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Former Nissan Motor Co. Director Greg Kelly should be exonerated of criminal charges for allegedly helping Carlos Ghosn underreport compensation, because he had no motive and no knowledge of any plans to repay the former chairman for reduced income, his lawyer said on the final day of court proceedings.

Prosecutors failed to prove that there was a conspiracy within the Japanese carmaker to conceal the auto executive’s remuneration, Yoichi Kitamura, Kelly’s defense attorney, said during closing arguments Wednesday at the Tokyo District Court.

Kelly, 65, was arrested the same day as Ghosn in November 2018 and has been in Japan ever since, seeking to prove his innocence in a trial that started a year ago. “The defendant, Gregory Lewis Kelly, is innocent,” Kitamura said.

The trial against Kelly, who denies the charges, is nearing completion, with a verdict due in March. Prosecutors said last month that Kelly should be sentenced to two years in prison for allegedly helping Ghosn hide income of more than ¥9 billion ($81 million). Ghosn is not facing a court in Japan, having staged a spectacular escape from the country at the end of 2019 and made his way by private jet to Lebanon.

A regular contingent of about two dozen reporters were in the courtroom on the final day of public proceedings, and there were over 30 spectators — more than the usual number. Kelly was dressed in his usual dark grey suit with a red tie. Representatives from the U.S. Embassy in Tokyo and other related legal parties were also in attendance.

Nissan, also a defendant in the trial, isn’t disputing the charges of financial misconduct and presented final arguments Wednesday admitting to the allegations. Lawyers for the automaker outlined the harm done to the company, both financially and to its reputation, because of Ghosn and Kelly’s alleged actions. “Kelly’s efforts to retain Ghosn were clearly unlawful,” Nissan’s attorney said during a presentation that lasted about 30 minutes.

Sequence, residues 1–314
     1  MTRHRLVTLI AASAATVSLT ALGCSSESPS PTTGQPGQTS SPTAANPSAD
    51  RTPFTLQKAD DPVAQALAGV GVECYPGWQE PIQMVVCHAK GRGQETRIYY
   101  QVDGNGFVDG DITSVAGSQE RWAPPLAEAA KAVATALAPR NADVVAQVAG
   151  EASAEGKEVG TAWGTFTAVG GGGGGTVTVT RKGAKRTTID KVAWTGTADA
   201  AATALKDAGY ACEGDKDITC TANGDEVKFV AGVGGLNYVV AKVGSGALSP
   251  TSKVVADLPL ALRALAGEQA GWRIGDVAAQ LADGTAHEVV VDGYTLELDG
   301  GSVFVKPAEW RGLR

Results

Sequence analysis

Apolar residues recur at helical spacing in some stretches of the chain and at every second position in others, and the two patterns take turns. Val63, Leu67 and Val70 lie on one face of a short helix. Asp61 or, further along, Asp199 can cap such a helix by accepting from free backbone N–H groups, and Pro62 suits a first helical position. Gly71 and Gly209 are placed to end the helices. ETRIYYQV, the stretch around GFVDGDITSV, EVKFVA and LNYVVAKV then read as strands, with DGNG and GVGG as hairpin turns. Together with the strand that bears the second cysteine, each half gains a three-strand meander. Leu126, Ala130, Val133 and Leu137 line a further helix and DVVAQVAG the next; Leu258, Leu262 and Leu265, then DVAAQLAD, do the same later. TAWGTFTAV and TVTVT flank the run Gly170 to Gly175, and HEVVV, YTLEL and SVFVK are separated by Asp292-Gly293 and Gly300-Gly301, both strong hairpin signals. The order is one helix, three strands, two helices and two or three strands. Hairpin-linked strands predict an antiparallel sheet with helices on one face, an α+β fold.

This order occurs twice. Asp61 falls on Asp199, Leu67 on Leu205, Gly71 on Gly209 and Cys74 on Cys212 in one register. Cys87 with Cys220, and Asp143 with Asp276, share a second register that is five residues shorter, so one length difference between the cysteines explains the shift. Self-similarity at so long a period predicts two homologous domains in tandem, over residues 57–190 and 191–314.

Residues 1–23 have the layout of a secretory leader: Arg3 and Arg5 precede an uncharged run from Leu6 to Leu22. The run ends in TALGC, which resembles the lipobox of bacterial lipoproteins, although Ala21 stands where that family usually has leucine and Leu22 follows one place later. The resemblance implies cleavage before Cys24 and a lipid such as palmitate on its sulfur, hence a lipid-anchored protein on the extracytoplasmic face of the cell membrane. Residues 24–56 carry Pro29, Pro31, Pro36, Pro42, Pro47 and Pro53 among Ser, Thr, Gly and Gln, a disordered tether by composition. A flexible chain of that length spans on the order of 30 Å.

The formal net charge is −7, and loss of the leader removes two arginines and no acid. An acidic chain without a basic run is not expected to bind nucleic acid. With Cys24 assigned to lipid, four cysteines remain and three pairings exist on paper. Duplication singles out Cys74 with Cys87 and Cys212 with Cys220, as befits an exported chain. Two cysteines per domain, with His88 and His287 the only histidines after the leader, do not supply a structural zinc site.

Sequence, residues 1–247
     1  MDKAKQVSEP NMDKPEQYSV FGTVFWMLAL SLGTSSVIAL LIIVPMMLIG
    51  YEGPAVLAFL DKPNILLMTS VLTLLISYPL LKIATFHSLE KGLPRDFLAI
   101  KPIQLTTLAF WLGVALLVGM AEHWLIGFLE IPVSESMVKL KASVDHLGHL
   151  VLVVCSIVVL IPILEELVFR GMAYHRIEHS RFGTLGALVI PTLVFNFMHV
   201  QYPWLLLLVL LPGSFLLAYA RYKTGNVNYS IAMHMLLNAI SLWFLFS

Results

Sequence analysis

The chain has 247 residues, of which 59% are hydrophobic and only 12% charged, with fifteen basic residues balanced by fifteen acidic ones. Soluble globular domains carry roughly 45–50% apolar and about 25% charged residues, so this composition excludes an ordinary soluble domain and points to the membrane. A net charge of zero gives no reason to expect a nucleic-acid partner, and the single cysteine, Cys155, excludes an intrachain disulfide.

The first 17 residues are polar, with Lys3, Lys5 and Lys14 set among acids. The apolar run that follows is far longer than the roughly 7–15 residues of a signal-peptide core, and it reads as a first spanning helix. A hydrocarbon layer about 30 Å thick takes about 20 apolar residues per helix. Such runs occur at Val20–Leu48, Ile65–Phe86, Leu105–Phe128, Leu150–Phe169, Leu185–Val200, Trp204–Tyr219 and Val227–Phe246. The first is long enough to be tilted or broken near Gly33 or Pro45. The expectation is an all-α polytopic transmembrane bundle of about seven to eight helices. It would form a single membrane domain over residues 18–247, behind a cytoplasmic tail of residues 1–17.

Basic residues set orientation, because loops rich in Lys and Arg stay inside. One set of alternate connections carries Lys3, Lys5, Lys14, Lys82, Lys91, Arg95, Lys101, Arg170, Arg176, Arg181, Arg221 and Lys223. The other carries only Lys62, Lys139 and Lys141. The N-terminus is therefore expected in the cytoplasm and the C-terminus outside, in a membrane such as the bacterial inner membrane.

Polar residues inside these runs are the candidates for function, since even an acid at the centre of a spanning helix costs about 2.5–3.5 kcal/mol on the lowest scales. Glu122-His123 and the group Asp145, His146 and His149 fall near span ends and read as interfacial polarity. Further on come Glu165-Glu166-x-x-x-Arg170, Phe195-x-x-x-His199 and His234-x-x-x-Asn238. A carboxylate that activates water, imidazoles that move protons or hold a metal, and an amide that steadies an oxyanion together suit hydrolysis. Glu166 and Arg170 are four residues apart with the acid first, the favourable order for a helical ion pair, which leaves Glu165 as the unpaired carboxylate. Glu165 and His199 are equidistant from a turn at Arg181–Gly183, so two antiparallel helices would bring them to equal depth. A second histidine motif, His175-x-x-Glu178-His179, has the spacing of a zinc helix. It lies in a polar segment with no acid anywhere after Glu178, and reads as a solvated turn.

Prosecutors said last month that Ghosn and Kelly “sought to evade disclosures to avoid criticism by shareholders” and that “Kelly had a critical and essential role” in coming up with measures to avoid disclosure of income and finding other ways to pay Ghosn.

The arrests of Ghosn and Kelly triggered shock waves that reverberated through Nissan, and its global carmaking alliance with Renault SA and Mitsubishi Motors Corp.

Nissan’s profits slumped to a decade low, and score-settling fueled an exodus of other top executives. The turmoil left the company in a weaker position as it seeks to navigate an industry that’s being disrupted by a shift to electric vehicles and self-driving cars.

Ghosn is in Beirut and seeking to restore his reputation, and has acknowledged that Kelly’s trial will serve as a proxy for how he is ultimately judged.

Kelly, one of Nissan’s most senior executives who oversaw human resources, legal affairs and other matters, said during testimony earlier this year that he sought ways to legally compensate Ghosn after the former chairman voluntarily reduced his pay. “We wanted to find ways to retain Mr. Ghosn at Nissan because that would have been valuable for Nissan,” said Kelly, who gave up some of his duties in 2015 while remaining on the board.

Kitamura presented an abridged version of his defense instead of the full document, which ran to almost 500 pages, including exhibits. He said there was a clear lack of evidence showing any desire or motive to pay Ghosn a certain amount. He also pointed out that it would have been difficult for Kelly, as a non-Japanese speaker, to collude with others.

“Kelly is a lawyer and would not knowingly commit a criminal act,” Kitamura said.

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